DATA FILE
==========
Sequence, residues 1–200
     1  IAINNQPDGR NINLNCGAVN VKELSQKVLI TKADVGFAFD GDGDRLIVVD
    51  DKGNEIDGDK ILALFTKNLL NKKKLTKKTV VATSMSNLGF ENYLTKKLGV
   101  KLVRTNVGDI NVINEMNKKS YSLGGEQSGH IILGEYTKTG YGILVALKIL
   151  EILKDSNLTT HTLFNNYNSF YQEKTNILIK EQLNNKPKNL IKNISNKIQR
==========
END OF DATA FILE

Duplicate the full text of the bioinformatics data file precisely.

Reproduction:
Sequence, residues 1–200
     1  IAINNQPDGR NINLNCGAVN VKELSQKVLI TKADVGFAFD GDGDRLIVVD
    51  DKGNEIDGDK ILALFTKNLL NKKKLTKKTV VATSMSNLGF ENYLTKKLGV
   101  KLVRTNVGDI NVINEMNKKS YSLGGEQSGH IILGEYTKTG YGILVALKIL
   151  EILKDSNLTT HTLFNNYNSF YQEKTNILIK EQLNNKPKNL IKNISNKIQR